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Day 3: Devlin S-AFE Service Trip in New Orleans

Senior Jonathan Raude

Senior Jonathan Raude

Jan. 8, 2014

Twenty two Boston College student-athletes traveled to New Orleans for the fifth annual Devlin S-AFE Service Immersion Trip to rebuild homes destroyed by Hurricane Katrina. Each day, a student-athlete will blog about the experience.

Day Three: Jonathan Raude, men's tennis

Today was jam-packed from the moment we woke up until the moment the lights were out. We started our day off by waking up nice and early at 6 a.m. The room I'm sleeping in has eight guys, including myself, so it's a rough time in the morning as everyone is scrambling in a small room to get ready for the day ahead. Once we got ready, we headed downstairs to the dining area where we had an awesome home-cooked breakfast. On the menu today was scrambled eggs, sausage patties, oatmeal and some phenomenal crispy corn biscuits. I have to admit that those were the best biscuits I've ever tried, and I'm hoping they will be offered for breakfast at least once more. Breakfast finished up at 6:40 a.m. and we headed out for the second day of construction work on the house we were assigned to.

The group that I'm a member of is the "Demolition" group and our task is to clean out the house and get it in proper shape to be restored to form. Today we did molding, which meant using a soft brush to scrub away the mold buildup from walls and wood trim. This definitely wasn't easy as there was a ton of mold all around the house, as it hadn't been touched in over eight years. The molding process was long and tedious but we worked closely together as a group to finish up the job by noon.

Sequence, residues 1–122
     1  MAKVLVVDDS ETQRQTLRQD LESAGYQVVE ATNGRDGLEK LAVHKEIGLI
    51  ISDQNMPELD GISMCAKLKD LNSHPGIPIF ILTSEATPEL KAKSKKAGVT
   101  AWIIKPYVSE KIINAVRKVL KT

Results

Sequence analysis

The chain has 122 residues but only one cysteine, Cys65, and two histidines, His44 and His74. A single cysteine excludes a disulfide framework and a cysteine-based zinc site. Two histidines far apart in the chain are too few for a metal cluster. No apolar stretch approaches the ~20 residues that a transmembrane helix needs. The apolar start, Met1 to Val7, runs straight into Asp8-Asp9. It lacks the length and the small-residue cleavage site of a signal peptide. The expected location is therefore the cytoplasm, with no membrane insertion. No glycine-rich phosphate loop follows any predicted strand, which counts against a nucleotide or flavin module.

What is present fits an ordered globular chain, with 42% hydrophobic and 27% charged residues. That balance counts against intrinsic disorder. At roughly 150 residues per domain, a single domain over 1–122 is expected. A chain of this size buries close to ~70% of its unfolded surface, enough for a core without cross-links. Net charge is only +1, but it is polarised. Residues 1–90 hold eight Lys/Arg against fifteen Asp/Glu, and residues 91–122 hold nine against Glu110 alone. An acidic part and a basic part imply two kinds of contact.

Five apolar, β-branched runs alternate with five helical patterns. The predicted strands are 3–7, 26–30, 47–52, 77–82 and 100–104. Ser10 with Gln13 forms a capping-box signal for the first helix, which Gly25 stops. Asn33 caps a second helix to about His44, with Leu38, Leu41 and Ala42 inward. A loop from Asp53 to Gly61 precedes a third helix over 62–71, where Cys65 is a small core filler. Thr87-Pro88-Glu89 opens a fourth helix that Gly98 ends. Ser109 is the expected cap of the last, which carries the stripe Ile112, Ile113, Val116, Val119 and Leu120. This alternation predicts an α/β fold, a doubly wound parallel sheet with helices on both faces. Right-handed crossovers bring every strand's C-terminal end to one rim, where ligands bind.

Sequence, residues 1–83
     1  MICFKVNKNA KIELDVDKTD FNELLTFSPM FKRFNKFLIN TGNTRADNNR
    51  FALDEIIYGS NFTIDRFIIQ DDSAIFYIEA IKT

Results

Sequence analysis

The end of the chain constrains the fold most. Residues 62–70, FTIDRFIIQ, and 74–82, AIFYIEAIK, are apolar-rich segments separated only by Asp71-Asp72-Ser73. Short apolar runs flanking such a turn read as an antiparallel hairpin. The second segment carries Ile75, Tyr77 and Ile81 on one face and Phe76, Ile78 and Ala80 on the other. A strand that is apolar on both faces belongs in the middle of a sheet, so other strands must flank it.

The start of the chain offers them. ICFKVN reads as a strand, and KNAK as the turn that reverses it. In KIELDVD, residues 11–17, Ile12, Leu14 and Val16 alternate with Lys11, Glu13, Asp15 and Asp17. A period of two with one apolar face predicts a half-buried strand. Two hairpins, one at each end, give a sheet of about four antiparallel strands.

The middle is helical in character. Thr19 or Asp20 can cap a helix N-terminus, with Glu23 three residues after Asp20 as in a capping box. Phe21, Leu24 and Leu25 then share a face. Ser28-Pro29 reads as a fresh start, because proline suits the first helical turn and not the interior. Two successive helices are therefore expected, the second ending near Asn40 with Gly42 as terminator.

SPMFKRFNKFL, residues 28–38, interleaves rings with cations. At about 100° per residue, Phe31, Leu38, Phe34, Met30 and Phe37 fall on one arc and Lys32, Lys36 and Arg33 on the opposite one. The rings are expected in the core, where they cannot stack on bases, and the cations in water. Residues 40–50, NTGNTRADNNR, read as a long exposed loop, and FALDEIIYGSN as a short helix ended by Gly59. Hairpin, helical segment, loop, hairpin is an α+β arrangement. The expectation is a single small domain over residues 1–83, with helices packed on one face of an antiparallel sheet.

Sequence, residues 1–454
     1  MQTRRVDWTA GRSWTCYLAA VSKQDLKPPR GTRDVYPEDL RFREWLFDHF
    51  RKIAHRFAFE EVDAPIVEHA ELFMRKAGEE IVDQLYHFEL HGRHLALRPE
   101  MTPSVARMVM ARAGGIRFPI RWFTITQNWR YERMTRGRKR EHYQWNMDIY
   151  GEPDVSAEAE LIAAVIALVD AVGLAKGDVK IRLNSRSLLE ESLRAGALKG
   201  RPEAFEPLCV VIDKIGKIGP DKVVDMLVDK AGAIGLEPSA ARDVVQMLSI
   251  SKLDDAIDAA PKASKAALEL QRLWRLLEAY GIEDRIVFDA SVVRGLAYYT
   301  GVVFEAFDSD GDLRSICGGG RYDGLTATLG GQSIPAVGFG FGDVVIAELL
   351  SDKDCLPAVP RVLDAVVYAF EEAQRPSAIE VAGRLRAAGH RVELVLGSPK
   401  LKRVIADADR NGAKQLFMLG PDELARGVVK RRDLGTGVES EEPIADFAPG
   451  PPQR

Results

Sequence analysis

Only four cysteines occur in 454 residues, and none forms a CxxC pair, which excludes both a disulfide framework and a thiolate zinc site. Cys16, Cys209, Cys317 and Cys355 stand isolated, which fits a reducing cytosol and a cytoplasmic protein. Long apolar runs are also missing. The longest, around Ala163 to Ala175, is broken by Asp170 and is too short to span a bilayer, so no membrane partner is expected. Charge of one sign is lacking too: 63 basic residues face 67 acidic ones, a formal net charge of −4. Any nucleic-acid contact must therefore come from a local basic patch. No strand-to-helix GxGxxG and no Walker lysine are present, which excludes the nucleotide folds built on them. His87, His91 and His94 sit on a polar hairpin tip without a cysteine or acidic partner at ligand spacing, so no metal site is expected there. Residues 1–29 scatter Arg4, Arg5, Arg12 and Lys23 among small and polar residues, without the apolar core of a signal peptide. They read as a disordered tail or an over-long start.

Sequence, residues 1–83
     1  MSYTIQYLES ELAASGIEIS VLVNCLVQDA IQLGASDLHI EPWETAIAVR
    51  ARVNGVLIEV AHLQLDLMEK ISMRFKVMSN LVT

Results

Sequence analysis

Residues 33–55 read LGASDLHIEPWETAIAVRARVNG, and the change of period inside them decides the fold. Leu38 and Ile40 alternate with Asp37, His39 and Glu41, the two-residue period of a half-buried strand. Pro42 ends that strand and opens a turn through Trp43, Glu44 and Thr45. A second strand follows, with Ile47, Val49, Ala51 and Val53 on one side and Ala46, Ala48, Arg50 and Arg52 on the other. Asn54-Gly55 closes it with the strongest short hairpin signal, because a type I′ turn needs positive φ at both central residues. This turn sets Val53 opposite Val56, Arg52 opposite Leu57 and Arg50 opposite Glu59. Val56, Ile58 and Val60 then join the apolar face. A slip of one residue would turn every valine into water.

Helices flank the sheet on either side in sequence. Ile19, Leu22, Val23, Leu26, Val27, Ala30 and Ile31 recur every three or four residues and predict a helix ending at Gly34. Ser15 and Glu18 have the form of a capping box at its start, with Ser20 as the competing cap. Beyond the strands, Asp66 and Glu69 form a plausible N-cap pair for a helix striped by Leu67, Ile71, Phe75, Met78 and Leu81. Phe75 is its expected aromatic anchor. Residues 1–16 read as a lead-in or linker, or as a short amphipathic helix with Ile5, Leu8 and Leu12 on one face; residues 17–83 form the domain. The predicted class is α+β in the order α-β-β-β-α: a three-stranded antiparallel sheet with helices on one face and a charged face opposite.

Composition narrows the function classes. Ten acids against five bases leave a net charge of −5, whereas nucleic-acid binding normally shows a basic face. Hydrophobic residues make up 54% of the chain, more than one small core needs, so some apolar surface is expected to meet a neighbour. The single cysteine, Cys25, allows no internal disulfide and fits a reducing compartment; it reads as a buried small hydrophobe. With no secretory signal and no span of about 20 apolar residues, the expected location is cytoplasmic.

Following the completion of our job, we headed to Lake Castle Academy, a middle school in Madisonville, La. We spoke to about 100 students, grades sixth through eighth, about the importance of education, the sport we play, athletics and Boston College. The kids were truly great; they had plenty to ask us and we were more than glad to share as much as we could with them. I only wish that I could have been in their seats at that age hearing a group of student-athletes from one of the best universities in the nation share information.

After wrapping up, we were treated to a great lunch by the headmaster of the school, Mr. Butera [whose son, Blake, is a member of the baseball team]. I had a fried oyster po'boy and gumbo, both of which were absolutely delicious and true Louisiana classics. While the group was having lunch, one of the pitchers on the baseball team - Jeff Burke - threw a pitching session with his teammate - Stephen Sauter - who's a catcher. That was cool to see and just exemplifies the work ethic BC Athletes have.

At about 3:30 p.m., we made our way back to the church for some down time. The ride back was about an hour long and involved going through the longest bridge in the U.S. It was really cool to see and a unique thing that I could tell people I experienced. After getting back, I got my tennis gear ready so I could play in the evening with my friend who is on the Tulane men's tennis team. Even though I was exhausted by the time we got out on court, it was all worth it because I got a solid and much-needed hit in. With less than three weeks left until the start of our season, every day is crucial to getting ready.

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